I assume you had just the T4 and T3 tests, and not the Freet4 and Freet3, or am I mistaken.
If you have high estrogen levels, it can show a high T4. Not sure about the T3. So, the Ft4 and Ft3 are best, because they show the thyroid hormones that are circulating freely. They are not bound to the protein like T4 is.
They did a T4 test on me, by mistake I guess. I was on estrogen replacement therapy, and it showed a high T4.
If you are feeling hotter than ususual, more frequent bowel movements, hand tremors, higher pulse rate, then that would be hyper symptoms.
** RAI ablation for Graves disease 2004**
Hi, and thanks, Midwest. From everything I've been reading, it seems that the Subclinical part would indicate that the least aggressive method would be best. So, I will try to talk to the doctor about the meds first, if anything.
HyperKim & Lady50: I don't have any of the symptoms of overt hyperT, the only thing that got me started on these tests was some rapid heartbeats, that I assumed were part of menopause. I'd like to go the natural route, too, if possible. I read that if you test early in the morning after fasting your numbers will be higher. I've always tested in the late afternoon w/o fasting. Since I'd like to see that TSH higher, I may try the early morning thing just to see.
Do any of you know or experience any of the side effects from the anti-tyroid meds?
OK, well, that didn't work so well!
I was retested for TSH & Free T4. I spent the whole weekend watching what I ate and even giving up my beloved diet Coke because of the aspertame. I went earlier than usual for the blood test, but the numbers were the same: TSH <.01 and FT4 1.3. Now my doctor is asking me what I want to do.
I understand that subclinical hyperT can correct itself or go into remission,but the goiter thing won't. I don't have many symptoms, and the ones I have are mild. Do I just sit back and watch things - testing every 3 months? Or do I try som anti-thyroid meds? My PCP said she'd be happy to refer me to an endocrinologist - maybe I should just talk to them? I hate to do anything drastic since I'm feeling pretty good, but I don't want to wait until I'm really sick to do something, either.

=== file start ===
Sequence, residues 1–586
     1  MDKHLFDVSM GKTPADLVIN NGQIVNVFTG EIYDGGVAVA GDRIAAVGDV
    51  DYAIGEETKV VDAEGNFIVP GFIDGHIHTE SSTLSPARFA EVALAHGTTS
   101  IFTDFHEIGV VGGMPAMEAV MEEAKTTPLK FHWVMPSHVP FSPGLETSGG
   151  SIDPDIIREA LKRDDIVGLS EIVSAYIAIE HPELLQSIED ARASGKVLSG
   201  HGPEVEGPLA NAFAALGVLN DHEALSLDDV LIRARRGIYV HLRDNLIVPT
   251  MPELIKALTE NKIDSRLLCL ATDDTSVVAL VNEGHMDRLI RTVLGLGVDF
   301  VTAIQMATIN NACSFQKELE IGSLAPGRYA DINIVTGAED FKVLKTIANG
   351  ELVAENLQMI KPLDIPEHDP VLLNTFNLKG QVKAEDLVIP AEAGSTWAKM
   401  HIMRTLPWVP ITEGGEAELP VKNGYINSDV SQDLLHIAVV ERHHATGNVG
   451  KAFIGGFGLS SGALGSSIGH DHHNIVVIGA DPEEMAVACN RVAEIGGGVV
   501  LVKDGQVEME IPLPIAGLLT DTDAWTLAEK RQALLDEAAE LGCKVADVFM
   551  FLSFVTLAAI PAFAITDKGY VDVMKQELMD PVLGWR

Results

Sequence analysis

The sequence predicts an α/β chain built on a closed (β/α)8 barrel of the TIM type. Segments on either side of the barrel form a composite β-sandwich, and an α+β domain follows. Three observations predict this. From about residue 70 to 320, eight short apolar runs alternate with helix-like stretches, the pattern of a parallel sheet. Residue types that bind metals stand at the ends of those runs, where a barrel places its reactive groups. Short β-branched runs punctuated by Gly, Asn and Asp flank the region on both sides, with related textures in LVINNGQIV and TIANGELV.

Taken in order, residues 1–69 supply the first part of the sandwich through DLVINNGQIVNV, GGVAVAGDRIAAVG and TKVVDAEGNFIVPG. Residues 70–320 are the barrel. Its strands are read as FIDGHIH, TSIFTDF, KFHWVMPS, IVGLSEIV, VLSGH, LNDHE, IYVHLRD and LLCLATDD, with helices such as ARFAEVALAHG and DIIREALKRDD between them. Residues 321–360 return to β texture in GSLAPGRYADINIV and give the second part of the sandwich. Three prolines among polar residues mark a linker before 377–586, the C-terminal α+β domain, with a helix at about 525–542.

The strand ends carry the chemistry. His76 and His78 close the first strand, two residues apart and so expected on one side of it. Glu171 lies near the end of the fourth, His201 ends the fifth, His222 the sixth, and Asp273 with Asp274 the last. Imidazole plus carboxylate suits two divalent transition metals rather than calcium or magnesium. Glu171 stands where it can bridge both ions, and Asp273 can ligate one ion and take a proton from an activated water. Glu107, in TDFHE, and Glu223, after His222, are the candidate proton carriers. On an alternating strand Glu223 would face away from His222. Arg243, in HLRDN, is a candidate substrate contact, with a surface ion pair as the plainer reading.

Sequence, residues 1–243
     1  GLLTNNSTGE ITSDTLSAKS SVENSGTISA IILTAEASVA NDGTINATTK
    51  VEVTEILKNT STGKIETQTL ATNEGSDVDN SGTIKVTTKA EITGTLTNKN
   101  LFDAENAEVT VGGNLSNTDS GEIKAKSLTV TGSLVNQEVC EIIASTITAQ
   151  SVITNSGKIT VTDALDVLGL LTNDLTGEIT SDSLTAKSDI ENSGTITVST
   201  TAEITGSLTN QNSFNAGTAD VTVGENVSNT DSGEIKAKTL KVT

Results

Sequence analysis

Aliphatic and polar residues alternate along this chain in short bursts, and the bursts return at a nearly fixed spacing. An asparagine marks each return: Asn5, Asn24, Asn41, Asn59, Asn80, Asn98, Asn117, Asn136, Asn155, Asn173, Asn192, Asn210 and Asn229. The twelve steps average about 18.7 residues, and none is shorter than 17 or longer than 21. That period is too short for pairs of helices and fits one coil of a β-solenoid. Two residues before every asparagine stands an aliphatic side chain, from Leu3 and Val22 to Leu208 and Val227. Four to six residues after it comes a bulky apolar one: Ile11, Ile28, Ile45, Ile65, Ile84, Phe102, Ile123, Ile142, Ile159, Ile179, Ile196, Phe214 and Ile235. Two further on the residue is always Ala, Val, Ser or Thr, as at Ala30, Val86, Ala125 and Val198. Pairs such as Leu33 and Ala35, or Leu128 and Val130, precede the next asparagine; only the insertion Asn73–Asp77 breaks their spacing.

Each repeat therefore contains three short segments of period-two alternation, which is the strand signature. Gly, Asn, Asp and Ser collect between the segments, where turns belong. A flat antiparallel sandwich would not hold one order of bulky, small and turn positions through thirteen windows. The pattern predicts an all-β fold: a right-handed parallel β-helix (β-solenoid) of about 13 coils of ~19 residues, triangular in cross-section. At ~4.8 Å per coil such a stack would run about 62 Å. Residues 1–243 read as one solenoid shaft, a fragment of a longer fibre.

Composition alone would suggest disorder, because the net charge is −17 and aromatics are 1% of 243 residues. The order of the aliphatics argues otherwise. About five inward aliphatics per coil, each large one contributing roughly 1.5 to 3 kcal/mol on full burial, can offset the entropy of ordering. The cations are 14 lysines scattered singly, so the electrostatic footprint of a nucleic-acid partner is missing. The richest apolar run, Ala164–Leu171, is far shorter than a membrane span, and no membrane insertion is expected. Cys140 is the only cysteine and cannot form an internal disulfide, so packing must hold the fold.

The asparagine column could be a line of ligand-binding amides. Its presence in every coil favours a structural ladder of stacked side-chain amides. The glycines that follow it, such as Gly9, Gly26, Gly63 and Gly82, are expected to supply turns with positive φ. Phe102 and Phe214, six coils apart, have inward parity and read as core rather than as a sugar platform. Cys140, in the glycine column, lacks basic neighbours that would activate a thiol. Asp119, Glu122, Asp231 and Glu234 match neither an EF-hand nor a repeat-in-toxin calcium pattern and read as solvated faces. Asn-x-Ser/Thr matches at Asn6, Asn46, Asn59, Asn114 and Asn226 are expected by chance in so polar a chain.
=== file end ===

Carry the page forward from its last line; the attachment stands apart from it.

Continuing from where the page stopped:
Lola51, Yes, I agree you need to find a doctor that knows something about thyroid.
Preferrably a doctor that is not a TSH watcher, and one that WILL keep an eye on the Ft4 and Ft3. But, most important one that will watch your symptoms, and knows the difference between hypothyroidism and hyperthyroidism.
I don't know what the range is for your Ft4, but it looks like you might be hypo or you could have hashis. With hashis you can swing from hypo to hyper.
Also, with a low TSH and low Ft4, you could have secondary hypothyroidism.
So, if you have the time and the money, it would be best to find a doc that will have more knowledge of thyroid disorders.
Many people have had good luck with Doctors of osteopathy or Naturopathic doctors.
IMO it looks like you have hypothyroidism.
** RAI ablation for Graves disease 2004**
How long have the mild symptoms and subnormal test results been going on, Lola?
If they're recent, you could have a temporary thyroiditis, which usually resolves itself within 6 months - including the goitrous enlargement. Has your MD mentioned that, or explained why she doesnt think that's it? I wouldn't feel comfortable with her treating this, unless you've left out a lot of information.
Endos aren't always the most personable, caring doctors on earth; but for hyperT, I would still consult one. Just do NOT rush into RAI for such a mild case of hyper. Many endos just love it for various reasons that benefit only them.
I was diagnosed with subclinical hyperthyroidism (low TSH levels, everything else (including antibodies test) was normal). After a radioactive iodine uptake scan, they found a enlarged "hot" nodule (4 cm). My endo suggest radioactive iodine treatment. After the treatment (about a year), all of my levels are normal without any medication. My endo sends me for fna's and sonograms to check up on it regularly.